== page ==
Day 2 2016 National Cave Rescue Commission training in Mentone, Alabama

Written By: Lance Piatt

Rope ascending skills using minimal gear are a must for any rescue that requires a vertical component.
Rope ascending skills using minimal gear are a must for any rescue that requires a vertical component.

Well, it’s only day 2 of my NCRC training, and my Advil supply is already running low. I’m often finding myself flashing back to Marine Corps boot camp, since the training days here are run in a strikingly similar fashion. You train non-stop all day, with short breaks for hurriedly ingested meals.

In caves, hypothermia is ALWAYS a major consideration with even the most simple of rescues. As a result, we spend a lot of time dealing with hypothermia related issues.

In-cave improvised splinting is an art form unto itself. Here, Laura uses her brake rack, two kneepads and some webbing to splint my foot.
In-cave improvised splinting is an art form unto itself. Here, Laura uses her brake rack, two kneepads and some webbing to splint my foot.

Today we went to a nearby cave (there are a million of them in this area), and worked on cave search techniques, Incident Command, communications, medical considerations and patient packaging. Some of the training was even accomplished vis an in-cave powerpoint displayed on the cave ceiling. Back at the camp, we practiced some more SRT (Single Rope Technique) by doing a series of rebelays, which are common in vertical caves.

And as if all this wasn’t hard enough, we continue to make our way through the checkoffs that are required of our level. These checkoffs, performed in the evening until 10 pm or so, are timed to simulate the fatigue and mental fog that accompanies all cave rescues. We were checked off on our ability to run, troubleshoot and splice the wire required for cave phone use during rescues. We were tested on our ability to thoroughly assess an injured caver’s medical concerns, and using cave vertical gear off our harnesses for improvised extremity splints. Lastly, we were evaluated on our ability to package a patient in both a SKED and a plastic Ferno litter for vertical evacuation. If our patient slips down more than 2 inches when we stand the litter on end, we fail. Happy to say that neither of our packaged patients slid an inch.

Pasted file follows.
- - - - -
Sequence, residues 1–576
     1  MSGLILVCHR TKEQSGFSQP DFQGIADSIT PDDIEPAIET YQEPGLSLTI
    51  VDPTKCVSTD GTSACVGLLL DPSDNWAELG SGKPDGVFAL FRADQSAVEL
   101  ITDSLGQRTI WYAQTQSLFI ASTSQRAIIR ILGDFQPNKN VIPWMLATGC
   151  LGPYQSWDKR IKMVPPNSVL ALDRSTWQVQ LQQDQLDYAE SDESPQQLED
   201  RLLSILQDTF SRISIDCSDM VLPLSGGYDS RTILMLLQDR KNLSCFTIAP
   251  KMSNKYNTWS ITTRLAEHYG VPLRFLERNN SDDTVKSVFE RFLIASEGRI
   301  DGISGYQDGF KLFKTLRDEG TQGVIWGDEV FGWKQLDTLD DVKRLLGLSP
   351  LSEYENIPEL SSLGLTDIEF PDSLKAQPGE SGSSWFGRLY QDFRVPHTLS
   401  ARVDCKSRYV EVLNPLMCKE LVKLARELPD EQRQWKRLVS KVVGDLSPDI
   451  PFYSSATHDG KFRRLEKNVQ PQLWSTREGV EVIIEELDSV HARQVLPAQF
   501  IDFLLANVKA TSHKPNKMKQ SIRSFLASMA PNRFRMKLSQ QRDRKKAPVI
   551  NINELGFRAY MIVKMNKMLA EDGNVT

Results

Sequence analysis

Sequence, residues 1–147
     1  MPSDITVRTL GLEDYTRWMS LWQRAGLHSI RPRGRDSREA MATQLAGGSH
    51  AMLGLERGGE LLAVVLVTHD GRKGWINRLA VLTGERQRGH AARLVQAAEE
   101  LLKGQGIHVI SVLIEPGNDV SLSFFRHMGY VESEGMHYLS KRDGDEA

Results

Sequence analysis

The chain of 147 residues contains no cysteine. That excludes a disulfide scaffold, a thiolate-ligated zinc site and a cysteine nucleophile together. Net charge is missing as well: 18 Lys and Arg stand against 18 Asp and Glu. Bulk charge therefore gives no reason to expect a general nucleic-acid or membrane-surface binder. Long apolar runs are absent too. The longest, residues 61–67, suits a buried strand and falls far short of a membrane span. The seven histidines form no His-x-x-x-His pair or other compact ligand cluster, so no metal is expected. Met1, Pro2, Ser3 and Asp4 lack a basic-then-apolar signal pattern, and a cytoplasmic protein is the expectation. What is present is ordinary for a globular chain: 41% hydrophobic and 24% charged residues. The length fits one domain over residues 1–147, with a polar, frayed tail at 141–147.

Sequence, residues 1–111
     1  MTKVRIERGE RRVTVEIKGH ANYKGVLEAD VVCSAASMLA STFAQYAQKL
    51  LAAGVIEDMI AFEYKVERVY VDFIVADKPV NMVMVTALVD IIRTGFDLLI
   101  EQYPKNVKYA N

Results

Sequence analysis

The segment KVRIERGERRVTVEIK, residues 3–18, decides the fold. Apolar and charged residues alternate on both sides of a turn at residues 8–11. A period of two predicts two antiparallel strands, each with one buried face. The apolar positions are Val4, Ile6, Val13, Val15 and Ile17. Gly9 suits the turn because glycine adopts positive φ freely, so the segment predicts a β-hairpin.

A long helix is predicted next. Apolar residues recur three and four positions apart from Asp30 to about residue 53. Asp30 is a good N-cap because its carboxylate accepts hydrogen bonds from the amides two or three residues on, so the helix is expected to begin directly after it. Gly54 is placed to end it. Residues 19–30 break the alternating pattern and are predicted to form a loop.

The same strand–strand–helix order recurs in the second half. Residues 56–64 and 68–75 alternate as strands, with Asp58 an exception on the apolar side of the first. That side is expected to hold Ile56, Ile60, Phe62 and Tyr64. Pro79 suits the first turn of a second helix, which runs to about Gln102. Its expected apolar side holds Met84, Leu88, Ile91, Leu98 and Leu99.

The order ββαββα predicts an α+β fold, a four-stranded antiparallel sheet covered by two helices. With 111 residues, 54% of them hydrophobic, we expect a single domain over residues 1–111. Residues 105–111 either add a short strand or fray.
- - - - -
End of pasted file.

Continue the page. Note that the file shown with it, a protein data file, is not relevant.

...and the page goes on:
Martin was busy moving through his level one skills practices and lectures. At level one, most of what you need to know about cave rescue is fired at you in rapid, machine-gun like fashion, and learning to work as a group to complete even basic rescues with total strangers is its own challenges. But Martin, a native of Wales who now calls the States home and is visiting Alabama for the first time, is already comfortable dealing with strange-mannered people who talk funny-namely, us.

Just as in mountain rescue, cave rescue entails lots of pointing
Just as in mountain rescue, cave rescue entails lots of pointing
“Go forth, and do miraculous things,” said the Light.
“Go forth, and do miraculous things,” said the Light.

Wrapping up our day at roughly 10:30 p.m., many of the other 90 plus cavers and cave rescue instructors gathered around the fire to practice knots

and tell caving war stories (most of which are probably true) till the wee hours in the morning.

Day 3 will likely bring more punishment and learning opportunities, so I’d best wrap it up for the day.

 

 

 

Tom Wood

Training Manager, PMI’s Vertical Rescue Solutions

Email: twood@pmirope.com

Website: www.verticalrescuesolutions.com

Cell: 303-829-4468

Office: 303-800-1708 EXT 1451

 

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